Sometimes, people unplug their power source and then wonder why their garage door opener fails to work. Sounds ridiculous, I know, but it does happen. Make sure that your garage door opener is plugged into a working outlet. Outlets sometimes go out without warning, so you can check to see if the outlet is working by plugging another working electronic device into it. Also, check your circuit breaker, fuse, or GFCI.
Garage door springs can —and will—break, and if you're anywhere near the garage when this happens, you'll know it. Nothing else sounds quite like a giant metal spring snapping under tension. Even if you don't hear it, you'll know the spring broke as soon as you (or your garage door opener) try to lift the door and finds that it now weighs twice as much. So faced with a broken garage door spring, the question is, can you fix it yourself?
The low rating on the CS is due to the fact that inwas out of town and my wife called because the garage door wouldn't open. We had repairs to the only other exit, and the CS said because it could be opened manually, it was no emergency. She was stuck in the house for over Sixteen hours. No emergency crew came out. Steve, a tech who came out the first time, fixed the door. It is not his fault CS took their sweet time to help a 45 year customer. I commend Steve. I do NOT have anything good to say about CS. http://www.youtube.com/watch?feature=player_embedded&v=Z_eZc-kh40c

7.2 If the spring bracket is slotted, vise grip the bracket to secure the shaft in the bracket. This will keep the shaft from possibly falling out and causing injury or damaging the garage door or shaft. You can also secure the shaft with a cable tie. Remove the bushing from the cone and leave it on the shaft next to the center spring bracket. Often the bushing gets stuck in the cone and customers will call us about getting a new bushing until they discover it is still in the cone of the spring replaced earlier.


Garage door manufacturers typically produce garage doors fitted with torsion springs that provide a minimum of 10,000 to 15,000 cycles and are guaranteed for three to seven years. One cycle is a single opening and closing sequence. Most manufacturers offer a 30,000 cycle spring. However, it is important to remember that if the weight of the garage door is increased by adding glass, additional insulation, or even several coats of paint, the life of the torsion spring may be greatly reduced. Additionally, springs at highly humid environments, such as coastal regions tend to have a significantly shorter cycle life, due to the corrosive cracking.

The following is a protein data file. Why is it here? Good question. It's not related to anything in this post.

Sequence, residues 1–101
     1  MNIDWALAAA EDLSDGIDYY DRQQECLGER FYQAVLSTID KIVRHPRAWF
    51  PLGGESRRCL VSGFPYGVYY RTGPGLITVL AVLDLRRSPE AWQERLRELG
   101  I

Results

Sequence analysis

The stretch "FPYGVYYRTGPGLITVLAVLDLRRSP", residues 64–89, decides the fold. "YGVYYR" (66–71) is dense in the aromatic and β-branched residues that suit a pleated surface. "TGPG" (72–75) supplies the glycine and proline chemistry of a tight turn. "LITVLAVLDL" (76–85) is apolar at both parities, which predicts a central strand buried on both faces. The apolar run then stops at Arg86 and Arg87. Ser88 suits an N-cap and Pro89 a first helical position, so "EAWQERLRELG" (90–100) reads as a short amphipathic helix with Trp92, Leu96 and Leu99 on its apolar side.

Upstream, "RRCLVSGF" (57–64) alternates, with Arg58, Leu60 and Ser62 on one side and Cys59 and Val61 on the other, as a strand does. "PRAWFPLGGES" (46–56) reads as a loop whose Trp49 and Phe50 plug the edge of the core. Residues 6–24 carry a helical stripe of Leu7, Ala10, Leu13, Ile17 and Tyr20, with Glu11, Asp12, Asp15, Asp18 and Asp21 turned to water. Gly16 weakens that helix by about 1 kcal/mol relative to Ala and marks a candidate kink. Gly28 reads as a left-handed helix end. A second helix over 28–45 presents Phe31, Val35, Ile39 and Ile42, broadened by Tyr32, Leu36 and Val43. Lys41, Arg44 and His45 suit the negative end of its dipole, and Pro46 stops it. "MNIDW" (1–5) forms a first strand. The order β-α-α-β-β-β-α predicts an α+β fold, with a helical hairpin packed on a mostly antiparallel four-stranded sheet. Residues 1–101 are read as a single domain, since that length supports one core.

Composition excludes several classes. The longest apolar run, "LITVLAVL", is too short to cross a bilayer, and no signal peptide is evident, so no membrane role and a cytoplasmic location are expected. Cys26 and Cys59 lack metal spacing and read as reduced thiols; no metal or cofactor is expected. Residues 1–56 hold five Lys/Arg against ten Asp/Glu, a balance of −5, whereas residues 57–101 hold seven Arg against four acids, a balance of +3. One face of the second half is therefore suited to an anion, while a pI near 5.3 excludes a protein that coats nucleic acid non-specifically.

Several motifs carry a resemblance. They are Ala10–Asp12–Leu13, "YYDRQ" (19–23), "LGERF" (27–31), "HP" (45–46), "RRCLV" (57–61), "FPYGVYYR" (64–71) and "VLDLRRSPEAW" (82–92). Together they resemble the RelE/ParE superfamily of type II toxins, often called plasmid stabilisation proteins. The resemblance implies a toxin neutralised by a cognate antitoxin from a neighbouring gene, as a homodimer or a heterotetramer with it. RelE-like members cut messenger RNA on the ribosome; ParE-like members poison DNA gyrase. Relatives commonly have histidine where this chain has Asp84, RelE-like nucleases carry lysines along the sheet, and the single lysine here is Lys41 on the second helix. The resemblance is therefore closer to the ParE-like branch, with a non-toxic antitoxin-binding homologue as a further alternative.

Instead, try other methods that might break the frozen connection between the door and the floor. For example, you can use a heat gun or hair dryer to melt the ice and free the door. Standard de-icing products can also work. And if you are careful not to damage the door or the seal on the bottom of the door, you can use a flat shovel or similar tool to chip away at the ice.

Garage Door Repair Emergency Centennial Colorado 80015


2. These springs do wear out over time – in fact, they are commonly rated with what is called a cycle life. The average standard cycle life is ten thousand cycles with each cycle being one opening and closing of the door. This means for a door that sees four cycles per day you might expect to replace your springs after somewhere close to seven years of use.

If you have a single-car garage, an extension spring will do the job. If you’re looking for a smoother motion and an ability to lift heavier doors, you may be better off selecting the torsion spring option. And if you have a two-car garage, your door will likely be too heavy for an extension spring. In this case, the torsion spring is the better choice.
On one-piece doors with side springs, you open the door to relieve the spring tension, and simply swap out the springs on the opener-arm mechanism; there are no cables or pulleys to deal with, and the springs have internal safety rods. Some doors have tensioners that maintain moderate tension when the door is open all the way, and on these you'll have to loosen the tensioner in order to remove the spring.
Garage door springs support most of the weight of the door when it's opening and closing. A broken spring typically will make the door very hard to lift, rather than causing the door to stick halfway. But some spring problems can contribute to a stuck door. The springs help turn metal wheels, called pulleys, that help lift the door via vertical cables at each side of the door. A pulley can become jammed by an obstruction or possibly a misaligned or hung-up cable. Any problems with springs or pulley should be examined by a garage door professional. Springs (and pulleys) are highly tensioned and can be very dangerous to work with.
If the door won’t move at all because of an alignment issue, then this problem isn’t one that you should try to tackle yourself. A garage door professional will have the necessary equipment needed to safely realign and repair your garage door. Additionally, if the track misalignment is beyond repair, a professional can install a new garage door track for you. http://youtube.com/e/Z_eZc-kh40c
×